Deputies Vote on May Brexit Deal – Live


DUP to vote against agreement
Arlene Foster, leader of the Northern Ireland Democratic-Unionist Party, said on Twitter the party "would oppose a toxic retreat" – a policy to avoid a hard Irish border in the withdrawal agreement. The 10 DUP votes are needed for conservatives to reach the majority in parliament.

What are they voting for? A recap:

The withdrawal agreement which Mrs May agreed with Brussels puts an end to the freedom of movement and gives Britain the right to establish its own immigration rules.

If, as planned, Ms. May misses, she has three days to draw up a plan B.

The proposed agreement would allow the United Kingdom to remain in the EU single market and follow its rules until December 2020 in a transitional period initiated after the official divorce on 29 March. The transition period can be extended on both sides if necessary.

The most controversial issue is Northern Ireland, where the agreement provides for a "setback" to avoid border controls between the UK and Ireland, an EU member country. This means that much of Northern Ireland's economy would be policed ​​as if Britain had never left the EU, a prospect that outraged the Unionist Democratic Party, which supports Mrs May's government in Westminster, as well as Conservative Eurosceptics .

Other points of contention include reciprocal fishing rights and a bill for Britain that was estimated at around £ 39 billion.

What follows defeat?

The FT and many other publications are predicting a heavy defeat for Mrs. May, by a margin of about 200 votes.

That means politicians of all kinds are looking beyond the vote.

Sir Keir Starmer, a Labor Party spokesman for Brexit, said today that the Labor Party was preparing for a vote of distrust in the government. He did not say exactly when, but announced that it would be "soon".

Conservative Nick Boles, who has joined with colleagues Nicky Morgan and Sir Oliver Letwin to try to design a new Brexit plan, has now tabled a bill to "make provision in connection with the withdrawal of the United Kingdom from the European Union."

Labor MP Hilary Benn withdrew her proposed amendment that would have sought a vote against the non-agreement. He said on Twitter that this would allow the House of Commons to give its "clearest expression" to the government's agreement.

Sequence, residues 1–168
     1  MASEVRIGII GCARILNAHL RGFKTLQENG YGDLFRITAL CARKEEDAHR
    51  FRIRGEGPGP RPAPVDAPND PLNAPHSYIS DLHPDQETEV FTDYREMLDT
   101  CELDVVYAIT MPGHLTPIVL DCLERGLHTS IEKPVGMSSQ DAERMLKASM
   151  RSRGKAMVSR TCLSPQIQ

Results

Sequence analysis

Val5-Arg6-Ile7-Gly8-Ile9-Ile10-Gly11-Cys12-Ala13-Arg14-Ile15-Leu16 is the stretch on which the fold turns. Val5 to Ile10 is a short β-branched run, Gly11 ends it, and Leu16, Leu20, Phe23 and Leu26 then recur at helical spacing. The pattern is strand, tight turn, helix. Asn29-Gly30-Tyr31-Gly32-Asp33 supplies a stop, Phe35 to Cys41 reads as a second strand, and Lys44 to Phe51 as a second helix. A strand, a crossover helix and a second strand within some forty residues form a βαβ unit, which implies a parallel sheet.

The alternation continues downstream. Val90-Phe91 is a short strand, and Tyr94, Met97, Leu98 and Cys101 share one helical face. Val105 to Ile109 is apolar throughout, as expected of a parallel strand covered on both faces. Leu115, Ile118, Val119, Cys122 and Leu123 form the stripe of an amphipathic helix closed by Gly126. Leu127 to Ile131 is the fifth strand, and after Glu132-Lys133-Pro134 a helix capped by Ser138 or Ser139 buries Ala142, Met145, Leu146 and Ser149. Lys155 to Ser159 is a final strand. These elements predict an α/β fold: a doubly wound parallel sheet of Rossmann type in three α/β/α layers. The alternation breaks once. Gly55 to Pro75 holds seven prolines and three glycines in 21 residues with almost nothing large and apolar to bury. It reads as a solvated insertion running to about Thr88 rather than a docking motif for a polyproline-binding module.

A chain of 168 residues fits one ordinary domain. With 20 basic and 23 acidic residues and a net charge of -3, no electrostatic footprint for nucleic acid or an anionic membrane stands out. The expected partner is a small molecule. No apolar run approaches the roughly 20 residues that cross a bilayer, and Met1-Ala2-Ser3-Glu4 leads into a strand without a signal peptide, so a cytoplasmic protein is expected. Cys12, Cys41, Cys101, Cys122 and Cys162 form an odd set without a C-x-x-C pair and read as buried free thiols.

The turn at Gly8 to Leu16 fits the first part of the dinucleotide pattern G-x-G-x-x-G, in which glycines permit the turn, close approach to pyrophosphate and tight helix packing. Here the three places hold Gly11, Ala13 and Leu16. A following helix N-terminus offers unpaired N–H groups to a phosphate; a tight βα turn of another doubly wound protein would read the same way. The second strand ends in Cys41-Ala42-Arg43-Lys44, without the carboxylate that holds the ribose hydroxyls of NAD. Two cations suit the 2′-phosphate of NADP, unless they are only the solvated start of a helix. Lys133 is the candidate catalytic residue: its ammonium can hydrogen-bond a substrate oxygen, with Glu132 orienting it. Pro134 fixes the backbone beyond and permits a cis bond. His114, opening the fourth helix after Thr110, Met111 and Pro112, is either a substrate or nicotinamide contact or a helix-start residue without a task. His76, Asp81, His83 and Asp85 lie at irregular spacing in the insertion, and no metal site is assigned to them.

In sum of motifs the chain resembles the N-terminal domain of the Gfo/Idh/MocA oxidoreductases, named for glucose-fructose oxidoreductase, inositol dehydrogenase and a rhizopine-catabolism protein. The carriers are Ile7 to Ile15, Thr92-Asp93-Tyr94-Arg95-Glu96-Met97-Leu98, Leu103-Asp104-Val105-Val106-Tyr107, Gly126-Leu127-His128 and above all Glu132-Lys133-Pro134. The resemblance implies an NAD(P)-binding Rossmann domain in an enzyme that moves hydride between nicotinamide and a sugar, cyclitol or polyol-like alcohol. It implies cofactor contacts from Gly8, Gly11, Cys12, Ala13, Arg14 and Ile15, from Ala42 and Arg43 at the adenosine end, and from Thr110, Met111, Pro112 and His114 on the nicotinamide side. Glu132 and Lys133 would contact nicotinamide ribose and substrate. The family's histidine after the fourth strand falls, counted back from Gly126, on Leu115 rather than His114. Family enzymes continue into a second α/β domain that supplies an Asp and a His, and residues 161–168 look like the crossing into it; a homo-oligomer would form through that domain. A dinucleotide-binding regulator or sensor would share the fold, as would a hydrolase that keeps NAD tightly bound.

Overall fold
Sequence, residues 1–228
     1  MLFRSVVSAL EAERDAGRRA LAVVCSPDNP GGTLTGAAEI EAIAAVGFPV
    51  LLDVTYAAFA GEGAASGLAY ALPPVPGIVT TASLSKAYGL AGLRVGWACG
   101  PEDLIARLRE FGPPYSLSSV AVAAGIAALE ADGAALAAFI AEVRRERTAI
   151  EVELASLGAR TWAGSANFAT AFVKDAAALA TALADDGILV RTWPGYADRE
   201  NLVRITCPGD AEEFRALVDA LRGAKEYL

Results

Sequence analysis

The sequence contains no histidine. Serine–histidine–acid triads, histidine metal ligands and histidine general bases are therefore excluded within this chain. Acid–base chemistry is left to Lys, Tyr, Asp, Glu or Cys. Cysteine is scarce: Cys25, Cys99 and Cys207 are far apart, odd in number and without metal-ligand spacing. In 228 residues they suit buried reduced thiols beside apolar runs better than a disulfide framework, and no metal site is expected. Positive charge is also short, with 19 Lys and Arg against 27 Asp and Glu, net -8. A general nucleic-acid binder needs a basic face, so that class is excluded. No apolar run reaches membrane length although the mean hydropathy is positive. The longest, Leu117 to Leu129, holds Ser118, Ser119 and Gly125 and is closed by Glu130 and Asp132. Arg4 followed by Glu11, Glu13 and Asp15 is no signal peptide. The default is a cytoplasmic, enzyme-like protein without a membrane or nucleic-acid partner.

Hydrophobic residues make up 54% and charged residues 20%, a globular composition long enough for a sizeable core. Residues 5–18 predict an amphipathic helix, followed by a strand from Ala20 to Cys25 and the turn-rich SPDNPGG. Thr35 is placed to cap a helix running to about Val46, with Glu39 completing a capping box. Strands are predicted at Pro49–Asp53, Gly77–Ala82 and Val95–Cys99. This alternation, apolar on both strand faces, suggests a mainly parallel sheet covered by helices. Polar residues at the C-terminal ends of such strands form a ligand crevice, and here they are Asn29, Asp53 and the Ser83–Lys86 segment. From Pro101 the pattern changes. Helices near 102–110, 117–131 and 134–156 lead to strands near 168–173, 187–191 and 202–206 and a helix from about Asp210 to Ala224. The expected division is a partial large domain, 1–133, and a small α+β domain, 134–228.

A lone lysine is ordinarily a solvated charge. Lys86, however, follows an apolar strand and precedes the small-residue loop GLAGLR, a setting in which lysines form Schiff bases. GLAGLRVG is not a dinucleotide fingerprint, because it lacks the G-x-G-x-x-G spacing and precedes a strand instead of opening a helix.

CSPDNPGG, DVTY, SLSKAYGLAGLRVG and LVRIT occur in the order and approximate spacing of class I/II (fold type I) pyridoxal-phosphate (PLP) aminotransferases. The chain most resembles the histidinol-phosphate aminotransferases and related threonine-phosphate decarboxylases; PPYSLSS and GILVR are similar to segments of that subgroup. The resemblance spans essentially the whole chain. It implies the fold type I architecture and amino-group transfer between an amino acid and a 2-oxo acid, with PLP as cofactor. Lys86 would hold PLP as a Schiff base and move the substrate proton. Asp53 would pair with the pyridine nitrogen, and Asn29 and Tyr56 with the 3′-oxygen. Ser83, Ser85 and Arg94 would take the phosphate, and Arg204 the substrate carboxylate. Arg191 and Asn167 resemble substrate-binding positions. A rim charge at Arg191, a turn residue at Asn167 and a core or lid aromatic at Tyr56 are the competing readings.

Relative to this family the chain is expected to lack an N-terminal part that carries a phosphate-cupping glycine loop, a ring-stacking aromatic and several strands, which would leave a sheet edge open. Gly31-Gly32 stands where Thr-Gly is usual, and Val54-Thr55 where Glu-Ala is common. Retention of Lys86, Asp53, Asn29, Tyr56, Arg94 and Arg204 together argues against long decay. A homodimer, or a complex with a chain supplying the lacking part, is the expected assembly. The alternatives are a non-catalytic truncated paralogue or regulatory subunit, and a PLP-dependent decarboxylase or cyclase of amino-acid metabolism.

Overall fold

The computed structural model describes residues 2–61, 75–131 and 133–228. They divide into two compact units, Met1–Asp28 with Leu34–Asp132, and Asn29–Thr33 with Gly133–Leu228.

Andrew Murrison, chairman of the Northern Ireland committee, also tabled an amendment that would prevent the Irish "pullback" agreement from extending beyond the end of 2022.

Gove: "Winter is coming"

Michael Gove, environmental secretary and proponent of the 2016 Leave campaign, quoted Game of Thrones character Jon Snow in the BBC Radio 4 Today Program to warn that "if we do not vote for the deal tonight … winter is coming". He said the Brexit agreement, while not perfect, was a "door" to leave the EU and how to respect the outcome of the referendum.

What the newspapers say
Predictions of defeat for Mrs May appear a lot in the UK newspapers this morning.

The FT reports that parliamentary chaos is likely after the prime minister's last resort to Eurosceptics to support it seemed doomed.

The Guardian expects Labor leader Jeremy Corbyn to call a vote of distrust on the prime minister in the event of a major loss to her in the House of Commons.

"Out of allies, out of time" is the Daily Telegraph's verdict, which reports that ministers are saying that Ms. May will have to give up if she loses her vote for a "heavy margin."

The Daily Mail, meanwhile, leads with its own comments in support of Mrs. May's withdrawal agreement, which says it "takes back control of our borders, laws and money." The tabloid in support of Brexit also makes a "sincere appeal to parliamentarians on this important day" to "put their country first".

May wait
The prime minister will have hopes raised after five conservative lawmakers from Brexiter have backed his plans. She hopes that more are trapped between a rock and a difficult place – in this case, she is also opposed to remaining in the EU and facing the potential shock of a Brexit without compromise – and thus end up supporting her plan.

Prediction of votes

Financial Times journalists Martin Stabe and James Blitz, using code written to scour Twitter and parliamentary APIs, analyzed MP's intentions to vote that Ms. May could lose by a margin of more than 200 votes. That is, if all Conservative MEPs who have indicated that they will vote against their Brexit agreement will keep their word. Read their article here

Parliamentary Mathematics
Parliamentary mathematics is tricky for tonight's vote, which should start at 7:00 pm but may be postponed by a series of amendments tabled by Members. Prime Minister Theresa May is widely expected to be defeated in the vote, which means that many are now debating the size of the loss. A relatively modest withdrawal – say, fewer than 100 votes – could give her the confidence to press Brussels to have revisions she could put on a second ballot that represents a better chance of success. But the historic defeat envisaged by some experts could mean the end of his rule. The last time a government was defeated by more than 200 votes was almost a century ago, but many analyzes – including those of FT itself – estimate that it could lose up to 225 votes.

For more information about permutations, click here:…-9e64-d150b3105d21

Welcome to the FT live blog on another tumultuous day in Westminster with Prime Minister Theresa May asking parliament to vote under her Brexit agreement tonight in the face of widespread opposition from parliamentarians. Many hope that the vote will result in a blunt defeat that could lead to Mme. May have to return to Brussels in the hope of drawing more concessions, even if the opposition threatens a vote of distrust in his government.


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